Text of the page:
When you're injured, the last thing you want is to wait for a settlement to pay for your medical bills and other expenses. You may wonder how long a settlement might take. Part of this depends on the nature of your case and how quickly the other party is when agreeing to a settlement.
The Statute of Limitations
In every state, there is a statute of limitations for how long you have to file a personal injury claim. Past this date, you will not be allowed to file a claim except under special circumstances. In most states, the statute of limitations is two years.
The Insurance Provider
In most cases, your personal injury case will revolve around an insurance provider. Some insurance companies are quick to make a settlement offer and others will do everything they can to deny your claim. They may also try to drag your case out as long as legally allowed with the hope that you'll become discouraged or accept a very low settlement offer.
When your personal injury claim is very complex, you will want to work with a personal injury attorney who is experienced with handling complex negotiations. Your attorney will calculate how much your claim is worth and will help you craft a demand letter.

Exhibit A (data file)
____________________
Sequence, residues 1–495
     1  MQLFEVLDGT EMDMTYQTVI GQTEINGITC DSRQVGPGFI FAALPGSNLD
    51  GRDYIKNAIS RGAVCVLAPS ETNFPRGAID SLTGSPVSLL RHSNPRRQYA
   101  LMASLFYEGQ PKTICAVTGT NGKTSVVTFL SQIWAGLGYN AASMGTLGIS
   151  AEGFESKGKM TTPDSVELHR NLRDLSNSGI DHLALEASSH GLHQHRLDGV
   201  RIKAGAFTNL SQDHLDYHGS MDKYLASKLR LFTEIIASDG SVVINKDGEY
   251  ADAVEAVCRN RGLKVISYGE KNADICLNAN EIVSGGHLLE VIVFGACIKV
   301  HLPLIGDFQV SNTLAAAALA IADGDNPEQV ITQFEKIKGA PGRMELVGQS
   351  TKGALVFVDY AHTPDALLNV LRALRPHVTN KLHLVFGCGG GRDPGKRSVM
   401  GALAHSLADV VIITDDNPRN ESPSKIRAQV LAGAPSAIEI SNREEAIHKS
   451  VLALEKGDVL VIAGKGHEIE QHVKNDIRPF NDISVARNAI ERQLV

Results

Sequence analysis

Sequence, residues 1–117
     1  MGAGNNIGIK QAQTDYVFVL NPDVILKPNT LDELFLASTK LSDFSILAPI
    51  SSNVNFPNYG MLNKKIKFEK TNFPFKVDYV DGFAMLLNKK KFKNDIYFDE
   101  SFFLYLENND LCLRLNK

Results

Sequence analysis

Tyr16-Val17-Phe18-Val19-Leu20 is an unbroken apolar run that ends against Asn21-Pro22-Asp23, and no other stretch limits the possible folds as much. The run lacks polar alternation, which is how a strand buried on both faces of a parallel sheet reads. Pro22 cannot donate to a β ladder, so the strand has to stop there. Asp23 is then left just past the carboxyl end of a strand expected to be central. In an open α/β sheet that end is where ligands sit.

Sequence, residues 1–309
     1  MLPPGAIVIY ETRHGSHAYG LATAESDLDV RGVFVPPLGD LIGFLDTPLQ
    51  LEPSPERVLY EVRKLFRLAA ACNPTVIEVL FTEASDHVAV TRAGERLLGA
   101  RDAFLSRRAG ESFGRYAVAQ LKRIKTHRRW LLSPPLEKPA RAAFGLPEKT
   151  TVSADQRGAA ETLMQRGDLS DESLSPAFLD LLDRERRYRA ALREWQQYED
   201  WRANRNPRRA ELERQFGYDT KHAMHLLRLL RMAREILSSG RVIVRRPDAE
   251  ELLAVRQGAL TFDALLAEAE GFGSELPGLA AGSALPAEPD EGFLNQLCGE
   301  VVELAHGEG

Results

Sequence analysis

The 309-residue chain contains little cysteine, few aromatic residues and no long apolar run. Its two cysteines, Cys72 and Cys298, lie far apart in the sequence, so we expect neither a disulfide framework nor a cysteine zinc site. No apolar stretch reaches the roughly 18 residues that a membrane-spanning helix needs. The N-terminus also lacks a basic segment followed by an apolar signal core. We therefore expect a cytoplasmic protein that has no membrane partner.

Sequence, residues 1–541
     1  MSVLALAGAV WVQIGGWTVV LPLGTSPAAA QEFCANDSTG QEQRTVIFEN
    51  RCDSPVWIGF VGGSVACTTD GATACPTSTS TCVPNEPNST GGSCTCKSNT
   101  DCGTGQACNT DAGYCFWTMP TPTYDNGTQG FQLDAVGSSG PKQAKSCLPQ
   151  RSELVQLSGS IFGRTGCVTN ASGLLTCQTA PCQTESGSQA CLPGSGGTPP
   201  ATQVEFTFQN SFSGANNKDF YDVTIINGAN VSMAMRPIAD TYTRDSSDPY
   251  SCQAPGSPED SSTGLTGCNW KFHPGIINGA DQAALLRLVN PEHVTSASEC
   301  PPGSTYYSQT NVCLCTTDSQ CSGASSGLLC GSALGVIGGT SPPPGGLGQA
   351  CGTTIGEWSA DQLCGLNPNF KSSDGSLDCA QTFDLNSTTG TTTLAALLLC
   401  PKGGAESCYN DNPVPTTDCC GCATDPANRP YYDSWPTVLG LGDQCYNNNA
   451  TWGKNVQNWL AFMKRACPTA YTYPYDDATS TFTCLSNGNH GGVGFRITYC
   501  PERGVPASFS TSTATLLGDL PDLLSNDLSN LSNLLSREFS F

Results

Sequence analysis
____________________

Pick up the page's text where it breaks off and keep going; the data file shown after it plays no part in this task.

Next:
The insurance provider might dispute liability as an attempt to deny your claim or to offer a much lower settlement. For example, the insurance provider may claim that you were 40% at fault for the accident and only offer a small percentage of the amount you requested. Your settlement might take much longer because you will need to gather evidence to prove that the other party was liable.
Another issue is your recovery. If you have not reached the state of maximum recovery, you will need help from a personal injury lawyer to determine the best steps to take. When you have not fully recovered, you will not necessarily know how much your damages will be.
The Policy Limits
The insurance provider will likely have policy limits. If your injuries are much greater than the policy limits, you may need to seek compensation from the policyholder directly or you may need to sue another party to make up the difference. This can make your case longer and more complex. Therefore, you'll want to make sure you get started as soon as possible with a personal injury attorney.Share